Five plants not to buy at plant sales

This list is entirely personal, but learned after years of mistakes.

Every gardener could tweak it and add their unfortunate purchase, but note that all of these plants share common traits. They seed and root prolifically to spread themselves where you do not want them, even in the lawn or garden path. Attempts to remove them are not successful the first time - an all-out war must be waged. A small portion of root or bulb will give rise to a new plant.

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I have provided the Latin names so that you may research them more thoroughly if you wish.

1)    Yellow Lamium a.k.a. yellow dead nettle, yellow archangel. As you might expect of any plant that flourishes with such aliases, this plant is neither a nettle, an angel nor dead. I have helped remove it from Van Dusen Gardens. The long stems, yellowish green with a silvery sheen are very petty and will grow anywhere, even dry shade where it has escaped into woodlands from hanging baskets. Early in the year it does have pretty yellow flowers, but they do not last long nor make up for its’ invasive nature. Newer, named varieties of Lamium, like Hermann’s Pride, White Nancy and Beacon Hill Silver behave themselves and look much better all year round while performing the same ground cover job. Lamium galeobdolon is the name to Google for more information.

2)    Prunella Vulgaris or Self Heal. It is often sold as a decorative or medicinal herb for its hop like heads of purple or blue flowers. Be forewarned, any plant that can flower and set seed when it is one inch tall or 12 inches tall can become invasive. Think buttercups. I know, I introduced this plant to my garden. Now it is everywhere in the lawn and I recognize it growing in fields where the grass is short.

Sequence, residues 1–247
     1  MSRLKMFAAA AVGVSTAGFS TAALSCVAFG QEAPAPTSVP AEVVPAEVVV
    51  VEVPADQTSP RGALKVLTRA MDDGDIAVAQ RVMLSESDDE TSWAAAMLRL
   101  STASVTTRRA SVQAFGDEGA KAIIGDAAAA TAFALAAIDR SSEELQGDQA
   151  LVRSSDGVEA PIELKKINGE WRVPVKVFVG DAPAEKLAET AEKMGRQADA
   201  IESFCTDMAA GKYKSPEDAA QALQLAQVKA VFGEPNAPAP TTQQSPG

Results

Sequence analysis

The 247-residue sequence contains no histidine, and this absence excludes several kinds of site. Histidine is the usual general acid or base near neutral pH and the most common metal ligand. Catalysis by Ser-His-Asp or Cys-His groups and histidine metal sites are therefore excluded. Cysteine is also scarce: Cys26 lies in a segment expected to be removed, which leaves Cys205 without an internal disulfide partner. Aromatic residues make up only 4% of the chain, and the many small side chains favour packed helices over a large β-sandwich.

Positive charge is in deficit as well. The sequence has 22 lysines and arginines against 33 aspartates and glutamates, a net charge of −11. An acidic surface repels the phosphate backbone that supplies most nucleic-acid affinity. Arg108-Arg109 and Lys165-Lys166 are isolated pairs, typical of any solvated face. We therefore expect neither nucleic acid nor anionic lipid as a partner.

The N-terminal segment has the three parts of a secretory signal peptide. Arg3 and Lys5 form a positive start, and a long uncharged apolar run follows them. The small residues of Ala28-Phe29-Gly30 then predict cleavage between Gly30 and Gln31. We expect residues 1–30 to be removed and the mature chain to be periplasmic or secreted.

3)    Obedient Plant. This plant is not at all obedient in its native form which is soft pink. This tall snap dragon like flower is useful for floral arranging. The white Miss Manners is properly named. It does not creep away in damp areas nor seed itself everywhere. Stick to the named varieties of this vigorous plant. Physostegia virginiana is the name to Google for more information.

4)    Day Lillies. Double Orange a.k.a. Ditch Lily. These are indestructible. They make great mounds of foliage, which are beautiful first thing in the spring, but too often the flower to green leaf ratio is not sufficient for the work involved in restraining them. Their roots will pop up in your paving stones and dry laid walls. The flower buds are edible when steamed or stir fried, but that defeats the whole purpose of having the plant. The fancier, named varieties may be less common, but they are generally less vigorous. Hemerocallis is the name to Google for more information.

5)    Blue bells or Hyacinthoides Hispanica. Note the word “panic” in the name. These are not the modest nodding headed English bluebells of poetry. These are spikes of blue whereon the florets start to die on the bottom before the top is finished. They create bulbs everywhere and when they are finished blooming, the leaves form slug palaces which must be removed from your flower bed immediately. Do not introduce them to your shrubbery unless you are prepared to grow nothing else in the space allotted.

Editor’s note: The South Delta Garden Club is providing a weekly article to the Optimist, which will appear on-line on the Optimist website every Tuesday.

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